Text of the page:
I can see your point. Being aware that that is the natural inclination of many doctors to “run with the first thing they hear” my wife is very careful to state what she thinks is going on..she is an RN and works with docs all the time. If she didn’t tell the doctor up front about her condition, it would show up in the meds list or on the X-rays..and it will then look like she’s holding back information. Kind of a Catch 22.

      Steve

  2. Very relevant. I would add that in our experience with patient communication, they also struggle with communicating their problem, at times; further adding to the complexity of this communication.
    To drill down to the real problem it takes time. Patients who have found a medical doctor who still takes the time, really should hold on to him/her.
    Today, consultation with a patient does not make a lot of money, thus, the more patients a doctor sees during a consultation day, the more money he/she makes. At least in a private practice setting, financials play a major factor why there is decreased communication…
    Any thoughts?

    http://premierhealth.wordpress.com/

  3. Thanks, it’s usefully for me.

  4. I am enjoying reading this blog. I agree completely with Olaf that there is a strong financial motivation on the part of the doctor to steer the conversation.

    And I don’t blame the doctors, honestly. They’ve got a schedule to keep, and they need to move things along not only because income is at stake but also because given half the chance many patients are going to share great volumes of information that may or may not be relevant. The patient’s focus is on their health, their fears and worries, and all the data they’ve been gathering in the time leading up to the visit. We want to tell our doc what we found on the internet, etc. etc. etc. And the doctor is watching the clock. It’s a very out-of-balance situation.

    I once left a doctor because I could not get answers. I kept trying to have a conversation about getting well. I had recently lost three family members to cancer and I wanted to know a) whether I had cancer and didn’t know it and b) how to prevent it. She was completely exasperated. My concerns were outside of her frame of reference which is about diagnosing people with symptoms of illness.

    What finally occurred after a round of tests that proved negative and still did not get me out of her hair was this: She diagnosed me as having obsessive compulsive disorder and prescribed a medication.

    What do we make of this? My belief now, years later, is that there is an enormous missed opportunity in the medical world. I left that doctor and went on a quest for health, which was not found in the world of “health care.” I am someone who fell through because there was no wellness resource that could redirect my questions and concerns into something mutually beneficial for both me and the health practice. Had there been an RN, nutritionist or wellness consultant on staff that was trained in coaching patients who do not present very specific symptoms of illness, my needs would have been served and they still would have made money. Win win.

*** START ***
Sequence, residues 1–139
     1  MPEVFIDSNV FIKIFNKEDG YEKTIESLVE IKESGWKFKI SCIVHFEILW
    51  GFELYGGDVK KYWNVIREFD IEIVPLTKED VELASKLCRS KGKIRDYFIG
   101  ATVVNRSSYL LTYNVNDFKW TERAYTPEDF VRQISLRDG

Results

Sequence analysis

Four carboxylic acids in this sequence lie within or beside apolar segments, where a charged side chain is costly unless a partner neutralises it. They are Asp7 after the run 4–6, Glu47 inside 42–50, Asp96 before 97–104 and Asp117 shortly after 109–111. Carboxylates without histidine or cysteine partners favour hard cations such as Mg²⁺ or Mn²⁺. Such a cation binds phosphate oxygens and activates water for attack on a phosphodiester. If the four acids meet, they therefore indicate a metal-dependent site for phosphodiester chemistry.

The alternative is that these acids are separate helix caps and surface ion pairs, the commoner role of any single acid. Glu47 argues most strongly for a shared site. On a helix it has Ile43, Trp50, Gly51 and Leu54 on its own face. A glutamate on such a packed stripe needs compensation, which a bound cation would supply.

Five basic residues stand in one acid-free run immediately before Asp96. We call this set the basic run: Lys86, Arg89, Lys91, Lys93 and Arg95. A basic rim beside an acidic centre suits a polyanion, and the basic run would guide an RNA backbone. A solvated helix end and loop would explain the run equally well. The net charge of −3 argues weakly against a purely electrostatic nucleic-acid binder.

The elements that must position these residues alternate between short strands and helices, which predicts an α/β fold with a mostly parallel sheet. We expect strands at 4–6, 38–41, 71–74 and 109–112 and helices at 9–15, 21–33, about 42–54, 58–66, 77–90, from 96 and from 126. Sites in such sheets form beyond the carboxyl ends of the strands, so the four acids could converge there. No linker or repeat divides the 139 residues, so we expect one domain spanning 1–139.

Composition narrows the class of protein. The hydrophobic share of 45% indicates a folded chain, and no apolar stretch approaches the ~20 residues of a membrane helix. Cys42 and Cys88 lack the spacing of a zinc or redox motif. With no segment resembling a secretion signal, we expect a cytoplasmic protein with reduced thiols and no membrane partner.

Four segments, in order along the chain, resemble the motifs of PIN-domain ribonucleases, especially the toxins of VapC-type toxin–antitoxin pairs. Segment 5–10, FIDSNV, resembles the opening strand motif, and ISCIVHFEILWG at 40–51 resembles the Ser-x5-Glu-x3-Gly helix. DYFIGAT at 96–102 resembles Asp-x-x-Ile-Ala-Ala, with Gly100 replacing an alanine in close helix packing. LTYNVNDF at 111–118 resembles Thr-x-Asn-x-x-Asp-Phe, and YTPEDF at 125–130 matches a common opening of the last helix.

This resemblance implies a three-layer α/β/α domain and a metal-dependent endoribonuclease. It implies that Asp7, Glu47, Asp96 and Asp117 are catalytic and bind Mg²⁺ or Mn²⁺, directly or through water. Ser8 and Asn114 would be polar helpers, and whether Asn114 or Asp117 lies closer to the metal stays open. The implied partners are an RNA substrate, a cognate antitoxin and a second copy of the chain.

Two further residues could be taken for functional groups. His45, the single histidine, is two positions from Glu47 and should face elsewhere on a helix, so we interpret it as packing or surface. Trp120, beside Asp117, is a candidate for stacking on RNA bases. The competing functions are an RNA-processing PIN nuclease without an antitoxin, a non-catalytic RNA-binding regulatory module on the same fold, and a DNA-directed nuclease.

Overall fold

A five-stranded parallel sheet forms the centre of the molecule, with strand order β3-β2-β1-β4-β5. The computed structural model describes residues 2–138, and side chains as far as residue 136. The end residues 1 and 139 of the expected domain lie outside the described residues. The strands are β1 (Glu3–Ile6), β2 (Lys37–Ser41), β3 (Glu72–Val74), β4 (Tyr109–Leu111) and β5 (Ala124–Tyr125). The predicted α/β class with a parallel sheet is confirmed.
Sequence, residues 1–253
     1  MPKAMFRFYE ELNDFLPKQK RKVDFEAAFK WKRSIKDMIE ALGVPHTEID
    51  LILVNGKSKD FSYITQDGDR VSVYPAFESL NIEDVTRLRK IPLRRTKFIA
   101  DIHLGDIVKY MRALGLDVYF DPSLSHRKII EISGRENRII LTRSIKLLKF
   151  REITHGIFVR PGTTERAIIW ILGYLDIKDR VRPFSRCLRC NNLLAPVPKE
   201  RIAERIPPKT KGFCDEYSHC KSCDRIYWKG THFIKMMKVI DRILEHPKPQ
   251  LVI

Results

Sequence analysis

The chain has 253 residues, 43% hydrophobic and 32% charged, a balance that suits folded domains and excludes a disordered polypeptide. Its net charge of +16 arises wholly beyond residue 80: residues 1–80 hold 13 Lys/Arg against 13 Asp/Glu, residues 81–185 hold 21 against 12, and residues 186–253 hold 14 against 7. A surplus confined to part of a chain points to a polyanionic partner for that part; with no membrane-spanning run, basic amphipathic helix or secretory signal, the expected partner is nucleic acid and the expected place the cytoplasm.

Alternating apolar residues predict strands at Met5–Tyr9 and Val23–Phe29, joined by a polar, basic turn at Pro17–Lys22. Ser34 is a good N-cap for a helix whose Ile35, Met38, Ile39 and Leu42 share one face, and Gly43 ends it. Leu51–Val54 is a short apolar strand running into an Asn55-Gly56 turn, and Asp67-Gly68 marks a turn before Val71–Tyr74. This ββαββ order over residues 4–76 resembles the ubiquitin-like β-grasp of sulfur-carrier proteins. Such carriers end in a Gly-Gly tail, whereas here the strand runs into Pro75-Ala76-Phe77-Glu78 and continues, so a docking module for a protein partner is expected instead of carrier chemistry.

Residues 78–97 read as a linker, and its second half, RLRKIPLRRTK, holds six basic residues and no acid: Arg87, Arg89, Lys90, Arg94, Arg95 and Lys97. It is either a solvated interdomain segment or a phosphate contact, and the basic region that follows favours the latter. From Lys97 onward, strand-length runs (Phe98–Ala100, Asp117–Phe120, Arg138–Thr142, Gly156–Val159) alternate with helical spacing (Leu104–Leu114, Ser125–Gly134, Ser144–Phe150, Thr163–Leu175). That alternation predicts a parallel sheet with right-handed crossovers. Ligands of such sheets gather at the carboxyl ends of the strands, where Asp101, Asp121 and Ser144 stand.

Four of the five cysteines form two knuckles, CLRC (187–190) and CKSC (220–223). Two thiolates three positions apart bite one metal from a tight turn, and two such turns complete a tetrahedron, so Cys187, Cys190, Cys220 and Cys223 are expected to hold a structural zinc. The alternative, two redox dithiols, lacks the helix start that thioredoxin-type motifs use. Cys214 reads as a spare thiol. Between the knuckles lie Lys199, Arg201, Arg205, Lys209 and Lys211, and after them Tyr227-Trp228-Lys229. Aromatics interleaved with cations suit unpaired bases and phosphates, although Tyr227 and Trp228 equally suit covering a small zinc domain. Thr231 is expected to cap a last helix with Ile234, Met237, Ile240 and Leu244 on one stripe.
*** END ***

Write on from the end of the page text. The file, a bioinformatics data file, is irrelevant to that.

There are millions of people walking around with declining health who could benefit from a simple addition of a wellness component in medical clinics. Someone should be talking to them about diet, exercise, science based supplementation, and prevention. People want these services and are willing to pay for them, as evidenced by the economics of the wellness industry. Instead of cutting the patients off when they begin their long tirade about everything from minor aches and pains to digestion, fatigue, sleep deprivation, anxiety and occasional headaches, the doctor could simply say, “John, it sounds to me like you would benefit from a consultation with Suzy. She consults with patients about better health. For now, let’s talk about your most pressing concerns.”

    This may be a bit of a diversion from your topic. When a patient does have specific symptoms of illness, the doctor should completely hear them out. Get the full list, not just the top one or two in order to make a fully informed decision about care. But if the process of routing a patient through the system includes redirecting those with minor health concerns and health enhancement questions to a wellness resource, the doctor can take the needed time with those who are very sick. And the clinic still makes money.

    Jayna

  5. I am a nurse practitioner and since my role is very similar to a doctor’s, and many of the same experiences, so it interests me when people complain of not being listened to. You and Jayne are trying to make the same point with two totally dissimilar stories, which only go to show how challenging it can be to be a diagnostician faced with different problems, different personalities, different expectations, and many times in a day.